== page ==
University of Hawai'i Press

A curiosity of South Korea’s history is the way in which dictatorships incubate memory. From 1948 to 1954 the regime of Syngman Rhee was responsible for a minimum of two hundred thousand deaths through political murder and massacre, of which roughly thirty thousand were killed in the suppression of the Cheju Rebellion. There were many more massacres when the Republic of Korea military, the national police, and rampaging rightwing youth groups occupied the North in October and November 1950, but we have little evidence of those deaths. Seeking any kind of redress for the demise of loved ones—locally, nationally, through the press, or through the court system—was impossible as long as Rhee was in power. Trying to do anything about these atrocities meant jail, torture, and death. Endless blacklists put the families of victims into a kind of living purgatory. When Rhee was finally overthrown in the 1960 April Revolution, a brief window of democracy opened and victims and survivors were able, if only for a moment, to call attention to what happened, seek redress, build monuments to the dead, or send certain perpetrators—like local police—to their own early deaths. Park Chung Hee closed that window in May 1961 and immediately set about destroying whatever monuments, petitions, and shouted memories might have briefly existed.

In this manner, the personal truths of numberless victims and survivors were muted for four decades, minus a doomed interruption of a few months. What these survivors knew to be true could not be said. It could [End Page 181] be remembered, reconnoitered in dreams, visited by ghosts, or suppressed in the unconscious, but it could never be spoken of openly. Getting along in South Korean society meant saying that a rebellious father, son, daughter, or brother was actually killed by Communists.

The kongsandang (Communist party) became the ubiquitous signifier for a bogeyman, a Frankenstein, the devil himself. When I taught in a boys’ middle school in 1968 in the aftermath of the guerrilla attack on the Blue House and the North Korean seizure of the U.S. spy ship Pueblo, the Park regime was engaged in a months-long propaganda campaign described as pan’gong p’angch’ŏp—or “anti-Communism, catch spies.” The entire student body would line up in their Japanese-bequeathed black uniforms and caps, heads shaved, listening to a supposed defector tell them that North Koreans couldn’t even have watches and had only thin rubber shoes to wear in the winter. My students would turn in essays about Communists sneaking into their homes in the middle of the night to rape and kill their sisters. All this was a by-product of the ways in which Japanese colonizers had intimidated and terrorized Koreans with their own fierce anti-Communism, rampant for fourteen years after the Japanese invasion of Manchuria in 1931.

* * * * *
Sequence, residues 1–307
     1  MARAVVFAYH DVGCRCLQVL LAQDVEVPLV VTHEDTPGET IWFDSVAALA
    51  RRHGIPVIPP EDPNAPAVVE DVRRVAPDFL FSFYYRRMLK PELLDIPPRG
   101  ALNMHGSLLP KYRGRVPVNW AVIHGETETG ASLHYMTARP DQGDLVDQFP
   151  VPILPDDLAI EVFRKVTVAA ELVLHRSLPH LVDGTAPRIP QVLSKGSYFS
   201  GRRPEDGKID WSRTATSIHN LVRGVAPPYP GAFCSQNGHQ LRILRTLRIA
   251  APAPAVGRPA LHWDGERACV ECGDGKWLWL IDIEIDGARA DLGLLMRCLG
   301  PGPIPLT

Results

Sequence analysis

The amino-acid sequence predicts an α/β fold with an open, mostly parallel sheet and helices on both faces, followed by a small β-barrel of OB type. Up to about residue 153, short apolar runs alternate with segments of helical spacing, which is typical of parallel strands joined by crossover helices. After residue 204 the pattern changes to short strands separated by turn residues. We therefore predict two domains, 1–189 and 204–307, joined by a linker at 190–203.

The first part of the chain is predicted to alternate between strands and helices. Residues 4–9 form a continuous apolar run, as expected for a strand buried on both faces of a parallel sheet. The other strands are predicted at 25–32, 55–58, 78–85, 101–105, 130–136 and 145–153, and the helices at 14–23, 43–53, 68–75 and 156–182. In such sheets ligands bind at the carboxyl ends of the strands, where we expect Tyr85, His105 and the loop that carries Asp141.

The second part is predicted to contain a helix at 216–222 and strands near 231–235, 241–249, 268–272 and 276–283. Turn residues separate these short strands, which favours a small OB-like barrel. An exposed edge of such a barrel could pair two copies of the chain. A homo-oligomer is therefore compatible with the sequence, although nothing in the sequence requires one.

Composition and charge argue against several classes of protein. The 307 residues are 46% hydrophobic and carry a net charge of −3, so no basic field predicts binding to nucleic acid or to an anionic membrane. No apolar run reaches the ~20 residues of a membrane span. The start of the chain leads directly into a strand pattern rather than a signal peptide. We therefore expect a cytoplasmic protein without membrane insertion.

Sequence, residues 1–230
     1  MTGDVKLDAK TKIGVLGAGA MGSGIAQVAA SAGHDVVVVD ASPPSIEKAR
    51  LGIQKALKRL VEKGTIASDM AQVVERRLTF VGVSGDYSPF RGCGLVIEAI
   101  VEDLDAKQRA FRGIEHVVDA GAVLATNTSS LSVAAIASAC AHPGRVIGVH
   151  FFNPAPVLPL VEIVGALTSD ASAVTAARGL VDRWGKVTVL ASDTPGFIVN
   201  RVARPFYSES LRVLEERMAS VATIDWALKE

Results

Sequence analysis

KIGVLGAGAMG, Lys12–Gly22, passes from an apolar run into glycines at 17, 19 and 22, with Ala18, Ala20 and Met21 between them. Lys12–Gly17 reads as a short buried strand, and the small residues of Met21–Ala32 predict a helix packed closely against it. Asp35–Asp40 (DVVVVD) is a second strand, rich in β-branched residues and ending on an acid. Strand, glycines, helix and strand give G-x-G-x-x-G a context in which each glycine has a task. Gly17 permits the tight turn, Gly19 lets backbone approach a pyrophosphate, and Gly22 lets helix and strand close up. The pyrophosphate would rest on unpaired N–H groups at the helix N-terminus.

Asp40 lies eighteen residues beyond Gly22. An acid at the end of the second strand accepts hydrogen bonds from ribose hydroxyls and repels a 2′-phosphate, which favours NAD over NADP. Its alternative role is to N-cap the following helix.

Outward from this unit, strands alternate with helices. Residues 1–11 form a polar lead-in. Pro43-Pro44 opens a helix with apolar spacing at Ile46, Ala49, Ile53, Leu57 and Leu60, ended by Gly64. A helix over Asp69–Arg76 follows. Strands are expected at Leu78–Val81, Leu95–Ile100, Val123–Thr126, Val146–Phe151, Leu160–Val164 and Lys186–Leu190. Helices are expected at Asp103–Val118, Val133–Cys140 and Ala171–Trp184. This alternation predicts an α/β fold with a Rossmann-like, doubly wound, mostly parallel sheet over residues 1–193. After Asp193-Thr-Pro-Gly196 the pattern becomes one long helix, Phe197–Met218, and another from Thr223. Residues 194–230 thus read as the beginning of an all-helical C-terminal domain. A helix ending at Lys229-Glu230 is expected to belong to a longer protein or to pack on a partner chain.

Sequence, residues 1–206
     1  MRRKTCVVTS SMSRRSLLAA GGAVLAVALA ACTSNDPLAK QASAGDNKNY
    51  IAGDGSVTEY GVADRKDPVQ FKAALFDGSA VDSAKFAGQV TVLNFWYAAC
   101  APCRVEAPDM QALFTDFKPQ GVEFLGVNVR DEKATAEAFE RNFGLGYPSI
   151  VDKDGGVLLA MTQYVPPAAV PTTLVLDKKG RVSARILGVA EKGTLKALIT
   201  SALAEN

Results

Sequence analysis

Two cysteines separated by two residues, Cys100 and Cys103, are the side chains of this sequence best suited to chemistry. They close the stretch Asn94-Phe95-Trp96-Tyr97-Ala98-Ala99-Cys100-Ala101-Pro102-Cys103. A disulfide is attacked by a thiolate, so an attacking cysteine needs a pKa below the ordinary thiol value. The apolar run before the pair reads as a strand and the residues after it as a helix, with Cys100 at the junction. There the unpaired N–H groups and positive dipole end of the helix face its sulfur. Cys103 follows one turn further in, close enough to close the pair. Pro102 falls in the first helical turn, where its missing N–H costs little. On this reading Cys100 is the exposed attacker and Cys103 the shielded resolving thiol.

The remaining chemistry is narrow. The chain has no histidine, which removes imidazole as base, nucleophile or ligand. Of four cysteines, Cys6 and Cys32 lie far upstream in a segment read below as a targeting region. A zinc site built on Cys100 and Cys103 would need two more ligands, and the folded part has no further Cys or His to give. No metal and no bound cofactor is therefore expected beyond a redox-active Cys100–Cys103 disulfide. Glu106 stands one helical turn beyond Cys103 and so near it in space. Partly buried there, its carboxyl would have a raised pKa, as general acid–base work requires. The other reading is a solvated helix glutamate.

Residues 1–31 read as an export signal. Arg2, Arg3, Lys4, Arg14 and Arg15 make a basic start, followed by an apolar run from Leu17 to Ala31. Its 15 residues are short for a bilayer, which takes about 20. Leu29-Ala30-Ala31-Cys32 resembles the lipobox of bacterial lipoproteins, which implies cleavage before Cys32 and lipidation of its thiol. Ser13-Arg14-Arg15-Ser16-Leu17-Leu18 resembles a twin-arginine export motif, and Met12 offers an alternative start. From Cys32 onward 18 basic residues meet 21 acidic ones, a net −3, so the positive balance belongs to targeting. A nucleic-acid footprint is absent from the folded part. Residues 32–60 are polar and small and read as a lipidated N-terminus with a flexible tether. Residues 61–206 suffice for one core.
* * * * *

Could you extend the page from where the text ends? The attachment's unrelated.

When South Korea democratized in the 1990s, suppressed and repressed memories finally had an outlet. The truths about the actual perpetrators of mass violence that a few scholars had dug out of various foreign archives suddenly seemed scant compared to the welling up of personal and popular truths that poured out, often with a thunder of outrage and recrimination. But this outpouring was entirely nonviolent, and the Korean Truth and Reconciliation Commission provided a sober, careful venue for these truths to see the light of day. Somehow, after forty years of silence, Koreans seemed to have intuited that their country had suffered quite enough violence. But the memories were alive and burning, and they resulted in dozens of books, documentaries, commemorations, and new monuments large and small—a proper requiem for a people for whom history, personal truth, and family honor are so important. The assembled papers in this special issue detail much of that outpouring, and collectively they make for an important leap forward in our understanding of political violence in postwar Korea and the intertwining of history and memory.

In February 2015 I visited Cheju Island for the first time since 1972. I was with a group of scholars that included Kim Seong-nae, who has contributed [End Page 182] so brilliantly to enlightening us about the memories, dreams, ghosts, and traumas that have inhabited the minds of the survivors of the Cheju massacres. I was struck by a sense of time collapsed and refigured: forty-three years is a long time to be away, so to speak, but the beautiful island with its black and obsidian volcanic rock was not terribly different than when I first saw it, on an ordinary bus circling the island. It was less developed than I had feared, and as always, it seems, the weather was perfect. Until the last century most people were lucky to live to be forty-three; a few attained the biblical three score and ten. But the memorials we saw and the people we spoke with seemed to have a very immediate sense of events that happened almost seventy years ago, to be in close touch with a terrible history, and to have achieved a collective victory that would have been unimaginable during the long decades of dictatorship. That victory is evident in the expansive Cheju Peace Museum, where the names of more than fourteen thousand victims are etched in granite, much like at (and showing the immense influence of) Maya Lin’s Vietnam Memorial in Washington, DC.